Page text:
10. 10. Plasticization  Polymers used for pharmaceutical dosage forms for coating are generally amorphous in nature.  Unfortunately Glass transition temperature of most of the polymers are in excess of conditions exposed for the pharmaceutical manufacturing. Thus one needs to incorporate plasticizer basically for two main reasons:-  Modification of polymer properties so as to impart flexibility which reduces the Tg of amorphous polymer.  To facilitate the processing of dosage form at substantial temperature conditions to protect the integrity of active ingredient.
  11. 11. Plasticizers Class Examples Polyhydric alcohols Propylene glycol Glycerol Polyethylene glycol Acetate esters Glyceryl triacetate Triethyl citrate Acetyl triethyl citrate Phthalate esters Diethyl phthalate Glycerides Acetylated monoglycerides Oils Castor and mineral oil.
  12. 12. Polymers
  13. 13. Polymers for conventional coating Class Examples Cellulosics HPMC HPC HEC MC (Methocel) Na-CMC EC (Ethocel) Vinyls PVP Glycols PEG Acrylics Co-polymers such as methyl methacrylate, ethyl methacrylate
  14. 14. Hydroxy propyl methyl cellulose (HPMC)  Material of choice for air suspension and pan spray coating.  Reasons  High moisture stability, photo-stability and thermal stability  Flexibility, tasteless and odorless.  Compatible with additives with additives and colorants.  Solubility characteristic of the polymer in GIT.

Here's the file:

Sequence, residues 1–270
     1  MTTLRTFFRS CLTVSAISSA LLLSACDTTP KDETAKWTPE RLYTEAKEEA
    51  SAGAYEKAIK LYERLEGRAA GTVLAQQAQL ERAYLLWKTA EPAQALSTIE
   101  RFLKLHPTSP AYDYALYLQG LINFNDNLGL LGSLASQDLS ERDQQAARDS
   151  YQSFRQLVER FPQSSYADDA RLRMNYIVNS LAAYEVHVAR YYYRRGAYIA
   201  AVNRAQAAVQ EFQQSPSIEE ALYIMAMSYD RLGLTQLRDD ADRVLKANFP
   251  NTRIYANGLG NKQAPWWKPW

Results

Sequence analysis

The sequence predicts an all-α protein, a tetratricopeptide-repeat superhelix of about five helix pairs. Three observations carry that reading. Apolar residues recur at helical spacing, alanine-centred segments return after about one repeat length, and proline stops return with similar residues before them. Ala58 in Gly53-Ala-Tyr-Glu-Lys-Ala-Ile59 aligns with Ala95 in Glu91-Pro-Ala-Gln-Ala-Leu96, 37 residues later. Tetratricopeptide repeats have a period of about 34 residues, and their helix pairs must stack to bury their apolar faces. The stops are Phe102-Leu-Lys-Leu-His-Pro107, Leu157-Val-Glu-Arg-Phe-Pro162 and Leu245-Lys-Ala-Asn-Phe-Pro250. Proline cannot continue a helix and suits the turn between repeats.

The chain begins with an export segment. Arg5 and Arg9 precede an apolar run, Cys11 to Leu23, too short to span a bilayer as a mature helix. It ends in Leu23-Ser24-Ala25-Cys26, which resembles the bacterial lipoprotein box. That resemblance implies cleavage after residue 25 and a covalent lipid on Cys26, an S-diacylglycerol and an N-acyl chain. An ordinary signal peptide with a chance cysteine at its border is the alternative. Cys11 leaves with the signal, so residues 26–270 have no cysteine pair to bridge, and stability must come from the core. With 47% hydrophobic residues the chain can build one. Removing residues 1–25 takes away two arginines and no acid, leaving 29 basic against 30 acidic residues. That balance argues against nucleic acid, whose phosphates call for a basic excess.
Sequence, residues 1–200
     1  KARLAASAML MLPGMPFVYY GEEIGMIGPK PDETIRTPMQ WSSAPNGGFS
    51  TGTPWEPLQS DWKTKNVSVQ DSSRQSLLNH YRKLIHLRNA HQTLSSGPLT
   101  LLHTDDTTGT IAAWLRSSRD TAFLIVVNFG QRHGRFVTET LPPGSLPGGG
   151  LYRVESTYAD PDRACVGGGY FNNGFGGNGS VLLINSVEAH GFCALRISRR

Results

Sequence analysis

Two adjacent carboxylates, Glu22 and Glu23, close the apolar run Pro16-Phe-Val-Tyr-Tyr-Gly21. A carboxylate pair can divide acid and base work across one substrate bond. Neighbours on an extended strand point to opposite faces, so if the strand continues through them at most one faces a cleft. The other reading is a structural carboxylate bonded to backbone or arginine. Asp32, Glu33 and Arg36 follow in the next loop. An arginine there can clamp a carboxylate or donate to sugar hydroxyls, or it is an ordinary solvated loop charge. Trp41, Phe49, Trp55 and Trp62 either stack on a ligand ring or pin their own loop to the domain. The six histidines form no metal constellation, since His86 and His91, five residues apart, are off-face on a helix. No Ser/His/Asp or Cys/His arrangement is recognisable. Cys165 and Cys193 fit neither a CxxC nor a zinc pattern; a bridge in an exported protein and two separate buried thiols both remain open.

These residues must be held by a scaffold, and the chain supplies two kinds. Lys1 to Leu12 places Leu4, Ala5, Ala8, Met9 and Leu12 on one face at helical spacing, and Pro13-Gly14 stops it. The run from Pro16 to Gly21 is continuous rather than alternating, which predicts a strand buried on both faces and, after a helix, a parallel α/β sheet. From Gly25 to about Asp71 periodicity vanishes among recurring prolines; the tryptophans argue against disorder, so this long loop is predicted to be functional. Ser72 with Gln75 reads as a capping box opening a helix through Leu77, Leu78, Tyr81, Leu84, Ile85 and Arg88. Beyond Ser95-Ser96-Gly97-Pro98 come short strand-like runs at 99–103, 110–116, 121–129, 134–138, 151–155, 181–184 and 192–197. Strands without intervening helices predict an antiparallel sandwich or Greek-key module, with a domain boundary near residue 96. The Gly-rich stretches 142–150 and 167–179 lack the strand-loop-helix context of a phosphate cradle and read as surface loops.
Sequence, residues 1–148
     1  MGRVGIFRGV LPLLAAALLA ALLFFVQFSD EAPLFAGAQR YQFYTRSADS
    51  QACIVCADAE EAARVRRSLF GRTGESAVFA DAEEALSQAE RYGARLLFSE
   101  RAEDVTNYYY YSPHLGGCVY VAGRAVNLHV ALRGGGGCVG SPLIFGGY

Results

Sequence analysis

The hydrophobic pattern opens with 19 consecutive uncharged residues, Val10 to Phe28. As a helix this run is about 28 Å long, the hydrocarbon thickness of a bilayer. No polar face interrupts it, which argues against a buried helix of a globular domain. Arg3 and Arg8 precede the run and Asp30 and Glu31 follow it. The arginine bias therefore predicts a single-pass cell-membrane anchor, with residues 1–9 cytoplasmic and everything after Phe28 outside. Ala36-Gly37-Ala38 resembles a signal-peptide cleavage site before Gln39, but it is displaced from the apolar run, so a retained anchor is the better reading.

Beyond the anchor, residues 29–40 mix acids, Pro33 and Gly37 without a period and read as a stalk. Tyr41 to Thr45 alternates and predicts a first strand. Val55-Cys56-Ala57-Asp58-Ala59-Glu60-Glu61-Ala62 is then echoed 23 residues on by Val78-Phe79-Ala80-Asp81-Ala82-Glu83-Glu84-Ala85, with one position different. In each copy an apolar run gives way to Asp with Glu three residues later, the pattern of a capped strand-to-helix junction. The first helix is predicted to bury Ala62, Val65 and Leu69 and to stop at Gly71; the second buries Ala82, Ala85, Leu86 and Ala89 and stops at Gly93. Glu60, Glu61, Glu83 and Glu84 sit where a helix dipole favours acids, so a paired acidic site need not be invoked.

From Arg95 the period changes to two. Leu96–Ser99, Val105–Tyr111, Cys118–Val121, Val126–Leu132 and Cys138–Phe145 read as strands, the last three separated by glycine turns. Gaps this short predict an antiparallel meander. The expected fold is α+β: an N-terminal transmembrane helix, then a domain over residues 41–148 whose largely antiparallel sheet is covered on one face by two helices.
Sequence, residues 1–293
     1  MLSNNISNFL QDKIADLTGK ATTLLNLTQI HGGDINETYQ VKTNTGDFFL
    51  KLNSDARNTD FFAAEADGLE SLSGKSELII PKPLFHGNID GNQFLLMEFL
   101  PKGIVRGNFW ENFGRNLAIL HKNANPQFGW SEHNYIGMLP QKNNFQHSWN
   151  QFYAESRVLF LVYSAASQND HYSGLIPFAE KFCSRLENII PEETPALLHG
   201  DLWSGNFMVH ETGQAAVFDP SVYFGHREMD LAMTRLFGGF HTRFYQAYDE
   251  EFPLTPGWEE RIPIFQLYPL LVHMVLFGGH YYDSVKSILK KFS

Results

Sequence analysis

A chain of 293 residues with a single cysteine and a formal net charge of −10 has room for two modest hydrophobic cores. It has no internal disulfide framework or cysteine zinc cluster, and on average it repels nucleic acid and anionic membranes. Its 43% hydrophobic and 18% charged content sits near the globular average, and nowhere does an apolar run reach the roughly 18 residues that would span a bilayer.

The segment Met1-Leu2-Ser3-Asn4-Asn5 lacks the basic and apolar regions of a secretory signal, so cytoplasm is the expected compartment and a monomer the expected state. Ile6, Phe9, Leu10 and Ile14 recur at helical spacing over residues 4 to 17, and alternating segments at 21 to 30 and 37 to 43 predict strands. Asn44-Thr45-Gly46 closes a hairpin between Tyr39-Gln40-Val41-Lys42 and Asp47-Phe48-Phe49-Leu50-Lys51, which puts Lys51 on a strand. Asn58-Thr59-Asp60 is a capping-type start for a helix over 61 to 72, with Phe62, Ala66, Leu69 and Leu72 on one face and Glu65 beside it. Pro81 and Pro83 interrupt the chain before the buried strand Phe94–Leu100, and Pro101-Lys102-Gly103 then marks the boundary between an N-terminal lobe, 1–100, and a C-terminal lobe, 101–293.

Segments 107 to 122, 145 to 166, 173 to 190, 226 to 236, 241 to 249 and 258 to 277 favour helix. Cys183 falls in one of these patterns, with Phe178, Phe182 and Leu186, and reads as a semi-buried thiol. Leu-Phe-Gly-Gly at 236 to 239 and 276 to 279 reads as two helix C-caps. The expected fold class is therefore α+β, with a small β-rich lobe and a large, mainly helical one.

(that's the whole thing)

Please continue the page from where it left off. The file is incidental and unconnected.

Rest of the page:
15. 15. Ethyl cellulose (EC)  Various viscosity grades are available. degree of Ethoxy substitution. o Completely insoluble in water and G.I. fluids. o Soluble in wide variety of organic solvents o Non-toxic odorless and tasteless. o Requires plasticizers. o Pseudo latex systems using aqueous polymeric dispersions can be formed using ethyl cellulose having low viscosity and high solid content
  16. 16. Sodium Carboxy Methyl Cellulose (Na-CMC)  Available in low, medium, high and extra high viscosity grades.  Easily dispersed in water to form colloidal dispersions.  Not a material of choice for coating based on organic solvents as it is insoluble in most organic solvents.  Preferably used for aqueous film coating solutions with high coating efficiency equipment.
  17. 17. Polyethylene Glycol (PEG)  PEG is available in grade ranging from 200-8000  PEG has low contact angle –penetration into powder bed and make contact with substrate surface.  Desirable melting range Molecular weight.  Waxy and hygroscopic, soften readily at moderately elevated temperatures.  Low molecular weight PEG’s are used as plasticizers in coating solutions rather than as polymers.
  18. 18. Acrylate polymers  Acrylate polymers are generally marketed as Eudragits.  Eudragit RL and RS are copolymers synthesized from methacrylic acid esters with low content of quaternary ammonium groups.